In his book The Birth of Head Start: Preschool Education Policies in the Kennedy and Johnson Administrations, Vinovskis traces the origins of the program. The 1950s and 1960s witnessed two key changes in societal views. First, perceptions of IQ shifted from fixed at birth to partially determined by early childhood. Second, poverty came to be seen as a crucial problem. Together, these views led to a perceived need for early childhood learning opportunities for the poor. And the Federal government answered the call, beginning under John F. Kennedy and continuing under Lyndon B. Johnson.

Rolled out in 1965 by the Office of Economic Opportunity, and part of the larger War on Poverty and Great Society programs, Head Start catered to 100,000 children amid bipartisan support.  Initially an eight-week summer program, the next wave – launched later that year – featured a year-round model. This created many jobs but, without enough qualified teachers, local parents and community members were frequently hired.

Initial evaluations of the program were disheartening, as children participating in Head Start demonstrated no lasting effects of participation. Critics noted the lack of qualified teachers and suggested eight weeks was too short of a time span. Yet support for Head Start as important remained strong. Several government task forces called for higher quality and additional programs to build on Head Start. Project Follow Through was developed under the Johnson administration to transition Head Start kids into schools. During the nearly three decades of Project Follow Through, the Federal government spent about 3 billion dollars (in constant 2010 dollars) to improve Head Start. But Project Follow Through failed its objectives, which may be attributable in part to the continued lack of coordination of Head Start with elementary schools. Project Follow Through faced termination in 1995. But Head Start continues today.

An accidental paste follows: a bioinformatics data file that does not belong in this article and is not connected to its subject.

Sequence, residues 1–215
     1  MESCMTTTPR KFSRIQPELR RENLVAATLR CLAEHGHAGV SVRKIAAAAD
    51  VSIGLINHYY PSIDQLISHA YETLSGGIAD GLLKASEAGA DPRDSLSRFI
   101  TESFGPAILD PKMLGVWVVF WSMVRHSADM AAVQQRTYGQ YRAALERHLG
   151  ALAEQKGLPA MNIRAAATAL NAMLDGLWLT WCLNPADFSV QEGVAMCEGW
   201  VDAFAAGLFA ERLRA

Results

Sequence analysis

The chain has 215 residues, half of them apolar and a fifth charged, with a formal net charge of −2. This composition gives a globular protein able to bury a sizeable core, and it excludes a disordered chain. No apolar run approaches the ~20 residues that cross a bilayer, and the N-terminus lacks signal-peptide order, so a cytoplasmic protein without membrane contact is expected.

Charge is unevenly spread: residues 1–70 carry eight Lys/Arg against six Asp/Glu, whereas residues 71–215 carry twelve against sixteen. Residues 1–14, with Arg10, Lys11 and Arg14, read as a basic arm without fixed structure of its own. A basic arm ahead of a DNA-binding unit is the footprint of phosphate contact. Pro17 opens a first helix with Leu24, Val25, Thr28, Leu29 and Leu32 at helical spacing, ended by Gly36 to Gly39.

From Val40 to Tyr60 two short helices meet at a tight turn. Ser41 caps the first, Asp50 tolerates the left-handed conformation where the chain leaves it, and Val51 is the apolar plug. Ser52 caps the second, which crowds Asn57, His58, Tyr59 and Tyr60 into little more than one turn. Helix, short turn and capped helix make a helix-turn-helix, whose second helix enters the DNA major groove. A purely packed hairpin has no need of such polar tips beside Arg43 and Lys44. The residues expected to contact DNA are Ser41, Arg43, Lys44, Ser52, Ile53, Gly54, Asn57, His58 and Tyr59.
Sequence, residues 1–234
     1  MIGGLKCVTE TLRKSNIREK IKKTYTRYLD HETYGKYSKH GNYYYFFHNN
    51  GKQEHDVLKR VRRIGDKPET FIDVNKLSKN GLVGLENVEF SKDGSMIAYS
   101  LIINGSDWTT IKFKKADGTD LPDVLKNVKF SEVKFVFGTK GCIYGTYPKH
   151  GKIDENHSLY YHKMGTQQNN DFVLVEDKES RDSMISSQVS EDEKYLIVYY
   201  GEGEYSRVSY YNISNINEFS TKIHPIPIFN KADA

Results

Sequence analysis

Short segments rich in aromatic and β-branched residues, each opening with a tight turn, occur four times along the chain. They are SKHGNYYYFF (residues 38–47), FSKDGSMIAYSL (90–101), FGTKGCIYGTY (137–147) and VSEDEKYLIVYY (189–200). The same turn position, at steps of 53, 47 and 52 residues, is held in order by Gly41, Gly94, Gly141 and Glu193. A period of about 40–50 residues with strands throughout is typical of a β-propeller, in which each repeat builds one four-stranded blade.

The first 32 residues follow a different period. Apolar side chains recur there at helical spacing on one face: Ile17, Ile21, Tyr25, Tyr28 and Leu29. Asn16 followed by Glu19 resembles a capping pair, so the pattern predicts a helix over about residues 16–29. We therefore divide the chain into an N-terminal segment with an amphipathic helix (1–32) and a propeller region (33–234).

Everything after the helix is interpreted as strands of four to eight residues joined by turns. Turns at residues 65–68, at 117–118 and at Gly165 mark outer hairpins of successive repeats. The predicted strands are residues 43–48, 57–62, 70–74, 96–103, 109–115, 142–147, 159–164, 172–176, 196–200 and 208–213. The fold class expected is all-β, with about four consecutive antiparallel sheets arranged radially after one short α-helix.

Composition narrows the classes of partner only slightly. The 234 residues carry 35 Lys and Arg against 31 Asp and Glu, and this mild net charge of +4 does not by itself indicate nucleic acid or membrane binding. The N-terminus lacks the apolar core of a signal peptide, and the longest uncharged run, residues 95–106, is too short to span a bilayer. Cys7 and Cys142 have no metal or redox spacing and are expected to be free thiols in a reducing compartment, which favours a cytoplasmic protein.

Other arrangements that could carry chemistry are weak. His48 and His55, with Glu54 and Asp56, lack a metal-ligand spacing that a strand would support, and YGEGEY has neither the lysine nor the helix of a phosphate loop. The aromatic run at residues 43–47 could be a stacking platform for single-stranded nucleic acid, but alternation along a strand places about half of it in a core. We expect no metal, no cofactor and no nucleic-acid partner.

In looking to the future of Head Start, what can we learn from the history of Head Start, particularly its earlier years? Vinovskis supports the original goals of the program because providing better education to disadvantaged children is crucial. But, he notes that the program may better do so if considered as part of public education, which would in turn bring better qualified teachers. Further, he stresses the need to focus more of the Federal support for early childhood programs on children from the most economically disadvantaged families.